But, Al-hamdu-lillah, Allah Ta’Ala is most merciful. The following week, I received a phone call from another Muslim American named Dawuud, who was also seeking Islamic training. So, for the next few weeks, the three of us attended the Jumah together; although we continued to invite the international students, they didn’t attend any prayer or discussion.

Then, one day, I received a phone call from a Muslim from Bangladesh who was interested in attending the Jumah. Al-hamdu-lillah that brought our gathering to four. Then, one Friday, after Jumah, my wife and I was shopping in the Commissary on base, a Muslim American brother walked up to me and greeted me. He told me he was a new student and would be here for the next four months. Al-hamdu-lillah also joined us for the Jumah, making a gathering of five.

The brother from Bangladesh was instrumental in reaching out to the other international students. As the weeks went by, the Jumah attendees increased to ten to fifteen people and continued to increase from time to time. We know those numbers didn’t sound like much, but we were discussing the development of an initiative that we had hoped would grow more and more by the grace of Allah.

Al-hamdu-lillah, the Jumah continued, we have now established the five daily prayers in Jamaat, and we had started to seek a larger and more permanent building from the base official. The room where we were meeting was very small, as it could hold only about ten to twelve people. In the beginning, it was meeting our needs, but now we had the potential to grow and attract more and more people.

The idea of the Islamic Society of Wichita Falls Establishment.

In addition to Sheppard AFB, we had begun a new and (in my opinion) more crucial effort–the establishment of an Islamic Community in the City of Wichita Falls, TX. We started this initiative in Ramadan 1996. It wasn’t started by me or anyone living in Wichita Falls. (In fact, I didn’t even know that there were “civilian” Muslims living in Wichita Falls). This effort was initiated by a Tablighi Group from Dallas. One of those individuals’ mother-in-law had lived in Wichita Falls.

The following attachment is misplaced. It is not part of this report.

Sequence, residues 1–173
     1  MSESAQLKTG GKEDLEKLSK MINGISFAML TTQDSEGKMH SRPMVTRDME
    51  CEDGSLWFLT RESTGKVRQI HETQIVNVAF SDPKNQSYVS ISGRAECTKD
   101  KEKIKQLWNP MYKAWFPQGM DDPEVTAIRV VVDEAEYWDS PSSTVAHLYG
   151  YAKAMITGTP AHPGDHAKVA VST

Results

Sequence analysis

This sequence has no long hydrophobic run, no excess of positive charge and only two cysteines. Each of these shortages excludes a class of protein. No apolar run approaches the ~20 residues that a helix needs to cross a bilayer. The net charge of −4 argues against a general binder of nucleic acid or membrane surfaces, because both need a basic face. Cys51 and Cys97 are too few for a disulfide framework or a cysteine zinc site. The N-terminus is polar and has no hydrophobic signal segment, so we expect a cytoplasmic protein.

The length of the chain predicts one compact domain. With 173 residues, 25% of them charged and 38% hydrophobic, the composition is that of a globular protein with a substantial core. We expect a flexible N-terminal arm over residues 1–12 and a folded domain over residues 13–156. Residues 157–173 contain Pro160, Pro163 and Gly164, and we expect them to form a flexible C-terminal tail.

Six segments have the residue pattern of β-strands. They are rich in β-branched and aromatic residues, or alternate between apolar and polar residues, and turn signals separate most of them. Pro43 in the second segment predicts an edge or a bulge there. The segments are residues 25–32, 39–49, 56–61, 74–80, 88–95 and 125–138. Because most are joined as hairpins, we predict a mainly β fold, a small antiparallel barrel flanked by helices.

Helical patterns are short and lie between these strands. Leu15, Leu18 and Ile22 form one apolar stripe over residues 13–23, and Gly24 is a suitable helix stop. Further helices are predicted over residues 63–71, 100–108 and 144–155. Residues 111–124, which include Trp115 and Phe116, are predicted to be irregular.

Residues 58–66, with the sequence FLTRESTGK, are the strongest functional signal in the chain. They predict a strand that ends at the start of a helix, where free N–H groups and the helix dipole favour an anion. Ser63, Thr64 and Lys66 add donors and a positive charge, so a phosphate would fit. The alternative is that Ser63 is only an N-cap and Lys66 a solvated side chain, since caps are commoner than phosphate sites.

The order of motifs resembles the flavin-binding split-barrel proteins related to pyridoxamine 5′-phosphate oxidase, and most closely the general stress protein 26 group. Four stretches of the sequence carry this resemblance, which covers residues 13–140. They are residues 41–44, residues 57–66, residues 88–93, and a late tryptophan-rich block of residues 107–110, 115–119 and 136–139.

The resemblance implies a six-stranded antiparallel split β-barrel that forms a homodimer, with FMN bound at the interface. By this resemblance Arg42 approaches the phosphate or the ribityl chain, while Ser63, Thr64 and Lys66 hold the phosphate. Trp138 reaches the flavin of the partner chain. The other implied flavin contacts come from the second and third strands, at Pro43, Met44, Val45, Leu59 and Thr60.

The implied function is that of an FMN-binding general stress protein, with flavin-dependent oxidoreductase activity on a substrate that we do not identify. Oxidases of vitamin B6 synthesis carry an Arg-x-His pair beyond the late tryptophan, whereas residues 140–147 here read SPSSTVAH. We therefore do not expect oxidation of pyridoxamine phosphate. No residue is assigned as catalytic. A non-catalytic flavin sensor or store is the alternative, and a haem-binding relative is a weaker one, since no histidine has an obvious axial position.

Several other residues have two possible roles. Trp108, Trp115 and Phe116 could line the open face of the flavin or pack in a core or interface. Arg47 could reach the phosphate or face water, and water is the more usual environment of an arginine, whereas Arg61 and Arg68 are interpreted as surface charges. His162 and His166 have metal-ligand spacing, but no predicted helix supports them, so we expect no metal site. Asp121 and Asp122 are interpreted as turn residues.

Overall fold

During one of his visits, he came with a group of brothers, and they looked in the telephone book and shortlisted the people whose names indicated that they were Muslims. They called everyone (including my wife and me) and invited us to a meeting. I was the only Muslim military member that attended; the rest were civilians.

Those brothers discussed the need and importance of us coming together to establish Islam in this area. At that meeting, we agreed to meet once a week, Sunday afternoon, for Salatul-Zuhr and a Ta’leem discussion.

Al-hamdu-lillah, Allah Ta’Ala has blessed us from that day we had been meeting. Then we started meeting in homes, but our intention and prayers were to become strong enough financially to get a building for our meetings. The attendance had dropped significantly from where we had started, but we had a core family support that kept things going.

We had maintained two separate efforts simultaneously. On the one hand, our efforts are making Muslims on the military base come together on Fridays for the Jumah. At the same time, the civilian Muslims in the local community met every Sunday for Ta’leem.

Our First Meeting as a Community!

Al-hamdu-lillah, my wife and I had been actively supporting both activities. Allah had blessed us to see the need to unify both efforts, if not wholly, as much as possible. On Saturday, 19 October 1996, we held our first unity meeting in Wichita Falls that was attended by 50 Muslims. That was our first meeting between the Muslims from Sheppard AFB and those living in the local community. Imam Fareed B. Rasheed from Fort Sill, in Lawton, had agreed to be our guest speaker. This meeting was held to take our mission here to a greater height. Then, by the grace of Allah, we joined hands to get all of the Muslims in this State to work together to advance Al-Islam and establish a Masjid.